Do you know what one of my favourite things about working at a museum is? It is sneaking into the new exhibitions as they are being constructed… Somehow, it seems impossible that they will ever be ready in time; that the half-finished sets will ever look like something convincing, that those empty exhibition cases will ever be full of wonders, and that all the tools, stray pieces of plywood, extension cords, and dust will ever be cleared away, only to leave something convincing behind. But they do.
This time last year, I walked through just such a scene, and mere days later, that chaos had resolved itself into an almost otherworldly Stone Age world with a kitchen midden several meters tall, tree trunks stretching from floor to ceiling, and the faces of Stone Age people looking back at me.
Last week, the Ethnographic Department at Moesgaard Museum was abuzz with activity, as the last preparations for the exhibition The Presence of Absence were underway. In just five days, the exhibition room under the stairs went from an empty space with freshly painted walls, to a tasteful and touching exhibition about the presence of the dead in our lives. Cyanotypes of deceased peoples’ objects are mounted on the wall, fragile Roman tear bottles are displayed in their glass case, wax votives in the shapes of babies are mounted on the wall, and modern designer urns in wood and metal stand on their plinth, looking for all the world like modern art.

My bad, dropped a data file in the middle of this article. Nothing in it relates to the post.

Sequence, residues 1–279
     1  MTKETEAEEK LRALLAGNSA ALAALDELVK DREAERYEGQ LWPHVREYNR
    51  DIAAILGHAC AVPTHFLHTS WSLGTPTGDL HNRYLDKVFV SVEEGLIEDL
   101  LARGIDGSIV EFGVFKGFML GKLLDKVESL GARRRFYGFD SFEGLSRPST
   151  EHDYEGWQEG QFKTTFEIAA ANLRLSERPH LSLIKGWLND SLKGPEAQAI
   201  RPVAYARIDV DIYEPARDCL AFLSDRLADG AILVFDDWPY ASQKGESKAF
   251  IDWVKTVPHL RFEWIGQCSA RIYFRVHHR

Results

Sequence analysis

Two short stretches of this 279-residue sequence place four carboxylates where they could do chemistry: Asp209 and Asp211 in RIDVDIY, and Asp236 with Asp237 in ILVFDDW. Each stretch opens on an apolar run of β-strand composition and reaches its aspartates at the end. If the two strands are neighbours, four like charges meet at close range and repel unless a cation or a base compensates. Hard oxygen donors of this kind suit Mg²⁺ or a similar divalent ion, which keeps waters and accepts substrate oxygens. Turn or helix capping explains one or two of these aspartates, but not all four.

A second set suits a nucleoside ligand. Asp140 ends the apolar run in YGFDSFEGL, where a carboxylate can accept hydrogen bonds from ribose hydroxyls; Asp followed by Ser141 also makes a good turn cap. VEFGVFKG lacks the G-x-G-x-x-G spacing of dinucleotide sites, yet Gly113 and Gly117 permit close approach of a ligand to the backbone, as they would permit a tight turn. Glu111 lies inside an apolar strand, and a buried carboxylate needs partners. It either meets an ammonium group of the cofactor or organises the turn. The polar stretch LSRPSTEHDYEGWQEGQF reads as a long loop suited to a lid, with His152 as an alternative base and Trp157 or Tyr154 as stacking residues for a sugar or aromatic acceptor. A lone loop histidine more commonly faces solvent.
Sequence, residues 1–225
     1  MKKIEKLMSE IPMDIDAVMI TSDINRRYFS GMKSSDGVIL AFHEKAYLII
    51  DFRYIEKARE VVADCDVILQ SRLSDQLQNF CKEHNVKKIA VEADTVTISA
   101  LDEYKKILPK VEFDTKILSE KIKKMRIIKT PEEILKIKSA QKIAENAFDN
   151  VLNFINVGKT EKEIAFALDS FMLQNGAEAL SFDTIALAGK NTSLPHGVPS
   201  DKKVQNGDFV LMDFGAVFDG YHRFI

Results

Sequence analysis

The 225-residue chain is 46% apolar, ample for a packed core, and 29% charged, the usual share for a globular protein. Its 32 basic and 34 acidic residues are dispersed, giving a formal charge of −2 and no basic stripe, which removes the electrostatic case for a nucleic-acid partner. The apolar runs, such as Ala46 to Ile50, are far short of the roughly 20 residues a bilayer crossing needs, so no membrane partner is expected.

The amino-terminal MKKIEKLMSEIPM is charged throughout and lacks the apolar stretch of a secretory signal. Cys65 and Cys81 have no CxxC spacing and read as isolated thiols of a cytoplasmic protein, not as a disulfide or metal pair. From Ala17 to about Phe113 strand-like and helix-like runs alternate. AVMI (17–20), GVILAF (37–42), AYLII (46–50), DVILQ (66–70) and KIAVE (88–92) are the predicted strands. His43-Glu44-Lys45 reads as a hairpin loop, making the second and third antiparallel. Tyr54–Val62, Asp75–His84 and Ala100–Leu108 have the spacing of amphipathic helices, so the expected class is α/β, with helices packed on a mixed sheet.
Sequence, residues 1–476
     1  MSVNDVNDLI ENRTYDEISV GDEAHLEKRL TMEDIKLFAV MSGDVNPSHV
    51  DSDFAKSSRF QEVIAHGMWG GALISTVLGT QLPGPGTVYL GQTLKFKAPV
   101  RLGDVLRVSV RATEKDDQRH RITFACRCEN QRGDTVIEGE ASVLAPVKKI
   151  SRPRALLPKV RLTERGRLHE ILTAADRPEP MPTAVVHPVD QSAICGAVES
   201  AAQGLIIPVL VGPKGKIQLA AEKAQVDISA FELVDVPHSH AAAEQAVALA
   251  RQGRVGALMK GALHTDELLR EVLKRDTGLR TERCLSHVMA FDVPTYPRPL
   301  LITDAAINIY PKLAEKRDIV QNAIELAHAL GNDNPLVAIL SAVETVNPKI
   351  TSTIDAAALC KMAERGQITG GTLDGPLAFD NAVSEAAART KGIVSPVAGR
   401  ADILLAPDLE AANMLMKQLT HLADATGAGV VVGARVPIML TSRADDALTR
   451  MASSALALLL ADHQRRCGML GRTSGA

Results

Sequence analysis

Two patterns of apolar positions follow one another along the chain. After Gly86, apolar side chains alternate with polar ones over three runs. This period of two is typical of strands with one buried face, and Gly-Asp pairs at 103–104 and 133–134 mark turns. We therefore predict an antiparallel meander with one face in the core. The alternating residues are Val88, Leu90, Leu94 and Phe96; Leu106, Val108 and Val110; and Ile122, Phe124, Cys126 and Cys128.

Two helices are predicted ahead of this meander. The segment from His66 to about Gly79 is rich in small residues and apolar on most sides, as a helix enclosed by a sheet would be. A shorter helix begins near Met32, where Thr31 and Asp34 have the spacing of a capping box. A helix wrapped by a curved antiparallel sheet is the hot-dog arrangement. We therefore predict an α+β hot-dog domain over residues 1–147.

One of the curators of the exhibition (and creator of the cyanotypes), artist Ditte Lyngkær Pedersen, likens the process of making an exhibition to giving birth. And somehow, the comparison makes sense. From the first spark of life to the finished ‘product’ you have months of expectations, ideas, and struggles. You have exhilarating highs where everything seems possible, and lows where you just feel sick with worry that things will not pan out as you hope. The last days and hours are a marathon, which, if everything goes well, ends up in a release, as your ‘baby’ is brought into the world. Hopefully, with less pain and blood, though (thankfully, the exhibition involved no accidents with the nail gun or the like).
You can visit Moesgaard’s newest ‘baby’ till the 7th of January – and in just a few short weeks, it’s big brother will open its eyes to greet the world, as the last permanent exhibition, about the Middle Ages opens on the 10th of October.